9 Great Places to Drink Outdoors in Metro Phoenix

Keep New Times Free
I Support
  • Local
  • Community
  • Journalism
  • logo

Support the independent voice of Phoenix and help keep the future of New Times free.

It's March. The weather is as damn near perfect as it's ever going to get, and most of us want to be outside doing something -- or better yet, nothing -- every gloriously balmy minute. You've probably already run through a mental Rolodex of restaurants with great dining patios, but where do you go when you just want to drink?

See also: --- 15 Metro Phoenix Restaurants to Visit During Spring Training --- 11 Best Pizza Spots in Metro Phoenix

Here are nine places that seem just right for relaxing in the Great Outdoors over a beer, a glass of wine or a cocktail. Five of them feature outdoor bars, a trend so spot-on for Phoenix it's a wonder someone didn't think of it sooner.

The Yard

If there's one thing serial restaurateur Sam Fox understands better than just about anyone else, it's that good design creates good mood. And this time, he and his brilliant team have outdone themselves, creating a post-modern multi-use space so crazy-cool that everyone wants to be there. What you may not have pictured, given the name, is that The Yard is not really a yard in the strictest sense of the word but rather a huge roofed patio -- okay, maybe a courtyard -- furnished with mod '60s-era couches and wing chairs at one end and lawn games such as ping-pong, table shuffleboard and cornhole toss (on turf) at the other. The place looks way more chic than your usual game-geared hangout -- kind of like The Monastery with a Sex and the City vibe. Grab a seat at the indoor-outdoor bar (half of it sits inside Culinary Dropout) or just lounge around in the hippest, most comfortable backyard you can imagine. Expect 18 beers on tap and dozens more (many super-craft-y) by the bottle,16 mostly affordable wines by the glass plus Culinary Dropout's signature cocktails. And, of course, there's a happy hour, offered 3 to 6 p.m. Monday through Friday.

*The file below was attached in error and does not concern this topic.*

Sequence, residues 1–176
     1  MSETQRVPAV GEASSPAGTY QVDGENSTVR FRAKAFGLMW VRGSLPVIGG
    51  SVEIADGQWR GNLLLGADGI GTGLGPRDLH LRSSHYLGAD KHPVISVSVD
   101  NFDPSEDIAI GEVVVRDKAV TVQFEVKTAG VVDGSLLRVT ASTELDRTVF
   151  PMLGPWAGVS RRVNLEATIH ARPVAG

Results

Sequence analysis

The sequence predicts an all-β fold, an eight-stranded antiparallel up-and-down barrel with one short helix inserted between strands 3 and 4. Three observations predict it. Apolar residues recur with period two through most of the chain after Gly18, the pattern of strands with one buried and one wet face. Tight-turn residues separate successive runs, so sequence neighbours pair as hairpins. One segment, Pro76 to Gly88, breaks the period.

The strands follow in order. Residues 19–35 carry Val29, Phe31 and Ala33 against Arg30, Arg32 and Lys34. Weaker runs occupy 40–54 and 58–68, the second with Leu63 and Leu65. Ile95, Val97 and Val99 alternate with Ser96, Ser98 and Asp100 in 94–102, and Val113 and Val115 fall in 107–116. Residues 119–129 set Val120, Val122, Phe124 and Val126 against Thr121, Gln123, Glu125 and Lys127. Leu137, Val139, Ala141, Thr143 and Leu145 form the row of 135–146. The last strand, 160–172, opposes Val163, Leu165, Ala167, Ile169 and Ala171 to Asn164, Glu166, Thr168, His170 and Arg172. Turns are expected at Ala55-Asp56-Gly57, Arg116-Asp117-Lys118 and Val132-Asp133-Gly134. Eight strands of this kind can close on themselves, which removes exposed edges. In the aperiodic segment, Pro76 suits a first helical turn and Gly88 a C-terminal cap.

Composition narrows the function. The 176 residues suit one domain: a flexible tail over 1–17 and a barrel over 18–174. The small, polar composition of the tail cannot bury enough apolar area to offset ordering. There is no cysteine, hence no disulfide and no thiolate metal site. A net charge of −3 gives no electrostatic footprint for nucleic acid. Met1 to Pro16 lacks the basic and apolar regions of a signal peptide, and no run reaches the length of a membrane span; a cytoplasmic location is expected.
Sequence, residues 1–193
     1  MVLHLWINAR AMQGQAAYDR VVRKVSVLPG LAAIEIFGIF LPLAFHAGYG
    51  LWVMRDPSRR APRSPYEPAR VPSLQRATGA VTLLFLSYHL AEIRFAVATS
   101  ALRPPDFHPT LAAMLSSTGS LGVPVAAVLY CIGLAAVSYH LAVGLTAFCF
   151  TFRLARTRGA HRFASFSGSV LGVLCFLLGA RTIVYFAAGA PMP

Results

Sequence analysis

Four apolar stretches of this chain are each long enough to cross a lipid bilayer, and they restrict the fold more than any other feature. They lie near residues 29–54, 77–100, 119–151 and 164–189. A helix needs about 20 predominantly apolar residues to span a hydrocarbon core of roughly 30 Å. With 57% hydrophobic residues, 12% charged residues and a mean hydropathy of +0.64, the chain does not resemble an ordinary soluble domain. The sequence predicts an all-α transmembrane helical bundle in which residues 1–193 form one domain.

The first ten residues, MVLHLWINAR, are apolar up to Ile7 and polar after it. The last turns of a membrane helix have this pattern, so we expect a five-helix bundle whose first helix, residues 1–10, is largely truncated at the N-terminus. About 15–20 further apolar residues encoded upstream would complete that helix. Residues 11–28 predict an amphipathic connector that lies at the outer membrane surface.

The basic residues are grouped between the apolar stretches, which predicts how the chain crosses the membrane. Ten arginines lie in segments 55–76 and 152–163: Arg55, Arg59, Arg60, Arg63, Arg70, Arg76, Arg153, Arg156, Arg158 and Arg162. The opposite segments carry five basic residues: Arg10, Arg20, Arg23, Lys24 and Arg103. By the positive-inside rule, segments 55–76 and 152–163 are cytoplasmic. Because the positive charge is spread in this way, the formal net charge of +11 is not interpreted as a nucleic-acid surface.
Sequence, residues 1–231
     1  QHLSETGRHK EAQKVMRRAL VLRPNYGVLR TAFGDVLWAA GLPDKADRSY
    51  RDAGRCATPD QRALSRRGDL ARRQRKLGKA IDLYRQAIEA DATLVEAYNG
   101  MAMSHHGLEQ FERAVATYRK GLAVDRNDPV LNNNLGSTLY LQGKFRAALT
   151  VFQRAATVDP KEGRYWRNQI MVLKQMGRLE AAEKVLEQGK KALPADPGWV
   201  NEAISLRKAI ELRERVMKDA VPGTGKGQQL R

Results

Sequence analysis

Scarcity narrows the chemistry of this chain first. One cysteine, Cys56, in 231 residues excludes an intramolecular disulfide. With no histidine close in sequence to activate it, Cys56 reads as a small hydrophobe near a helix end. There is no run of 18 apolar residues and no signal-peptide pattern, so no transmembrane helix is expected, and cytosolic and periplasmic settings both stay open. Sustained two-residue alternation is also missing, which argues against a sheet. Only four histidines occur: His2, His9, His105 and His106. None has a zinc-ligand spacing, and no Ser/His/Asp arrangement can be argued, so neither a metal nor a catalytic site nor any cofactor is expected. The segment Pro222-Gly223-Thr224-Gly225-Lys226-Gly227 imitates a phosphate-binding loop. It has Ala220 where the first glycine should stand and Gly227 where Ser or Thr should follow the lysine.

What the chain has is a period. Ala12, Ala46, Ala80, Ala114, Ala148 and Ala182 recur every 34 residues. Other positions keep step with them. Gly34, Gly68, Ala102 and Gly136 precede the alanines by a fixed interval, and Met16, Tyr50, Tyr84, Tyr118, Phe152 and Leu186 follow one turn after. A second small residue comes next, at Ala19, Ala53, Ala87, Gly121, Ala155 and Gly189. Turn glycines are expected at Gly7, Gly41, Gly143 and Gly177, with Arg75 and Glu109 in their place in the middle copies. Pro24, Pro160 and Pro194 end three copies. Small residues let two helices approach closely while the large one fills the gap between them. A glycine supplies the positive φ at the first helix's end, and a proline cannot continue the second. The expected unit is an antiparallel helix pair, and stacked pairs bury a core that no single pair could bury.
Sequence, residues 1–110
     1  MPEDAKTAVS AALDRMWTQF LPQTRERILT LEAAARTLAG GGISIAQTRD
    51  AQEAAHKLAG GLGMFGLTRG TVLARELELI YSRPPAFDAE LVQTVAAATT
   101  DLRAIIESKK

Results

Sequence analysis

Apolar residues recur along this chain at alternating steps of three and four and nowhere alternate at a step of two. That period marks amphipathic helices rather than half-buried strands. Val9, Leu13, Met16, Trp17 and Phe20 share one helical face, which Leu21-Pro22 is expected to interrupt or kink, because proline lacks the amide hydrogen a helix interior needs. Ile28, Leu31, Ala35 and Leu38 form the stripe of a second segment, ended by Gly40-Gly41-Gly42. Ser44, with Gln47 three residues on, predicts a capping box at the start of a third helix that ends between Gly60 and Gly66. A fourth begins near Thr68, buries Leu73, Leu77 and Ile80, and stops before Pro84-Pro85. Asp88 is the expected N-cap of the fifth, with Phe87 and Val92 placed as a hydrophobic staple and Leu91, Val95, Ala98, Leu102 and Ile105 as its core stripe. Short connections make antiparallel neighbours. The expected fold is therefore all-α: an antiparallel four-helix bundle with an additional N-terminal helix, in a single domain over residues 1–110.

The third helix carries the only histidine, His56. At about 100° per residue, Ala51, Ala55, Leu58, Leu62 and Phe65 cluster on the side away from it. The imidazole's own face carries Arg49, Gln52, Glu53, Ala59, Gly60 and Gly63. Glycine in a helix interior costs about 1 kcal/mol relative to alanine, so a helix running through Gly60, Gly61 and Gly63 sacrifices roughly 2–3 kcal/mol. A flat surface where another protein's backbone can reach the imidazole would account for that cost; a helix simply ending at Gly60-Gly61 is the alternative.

El Chorro

Parked between Camelback and Mummy mountains, this wonderful, rich-in-history spot conjures the Phoenix-that-used-to-be as few others can. Oh, sure, it's more glamorous now, thanks to an extensive 2010 makeover, but it still draws the same old-school crowd: golfers, old-timers, and local movers and shakers who've come to bask in an Arizona spring. The lush desert setting is so much more beautiful than a camera can capture in one frame -- mountains, cactus, fireplaces, and blue sky here, flowers, fountains and desert trees over there. Get there early in the week and it's a tranquil little paradise, but by Friday, the huge indoor-outdoor bar and the patio are packed -- although it's still fairly tranquil. This is not a rowdy crowd. Happy hour wines by the glass are decent and dirt-cheap, and a table in the lounge features a freebie buffet if you don't want to spring for happy hour nibbles such as street tacos and crispy chicken livers with onion marmalade.

Lustre Bar at the Hotel Palomar

There may be other rooftop bars in town, but there certainly aren't better ones than Lustre, which offers stunning views of skyscrapers, city streets, and mountains -- all especially gorgeous at sunset. Grab a stool at the wood-slatted, roofed and TV-furnished bar (as if you needed the distraction!) or find a sleek mid-century couch on which to perch, then settle in for a seasonally-inspired craft cocktail devised by mixologist Shel Bourdon, who oversees the mixing and muddling downstairs at Blue Hound. The hotel's pool is up here, too, lending a lazy, resort-like air to a setting that feels relaxed but distinctly urban at once. Lustre opens at 4 p.m. Monday through Friday and at noon on Saturday and Sunday.